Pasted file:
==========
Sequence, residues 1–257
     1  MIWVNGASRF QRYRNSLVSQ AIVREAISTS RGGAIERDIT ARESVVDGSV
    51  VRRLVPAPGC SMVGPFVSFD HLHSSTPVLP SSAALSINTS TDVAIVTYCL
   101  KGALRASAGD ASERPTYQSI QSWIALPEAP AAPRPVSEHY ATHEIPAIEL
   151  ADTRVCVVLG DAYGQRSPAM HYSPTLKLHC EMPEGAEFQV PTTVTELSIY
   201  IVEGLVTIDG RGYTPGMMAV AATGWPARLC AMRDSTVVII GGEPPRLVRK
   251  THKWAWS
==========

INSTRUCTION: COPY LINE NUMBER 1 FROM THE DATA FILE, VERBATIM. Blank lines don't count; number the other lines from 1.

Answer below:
Sequence, residues 1–257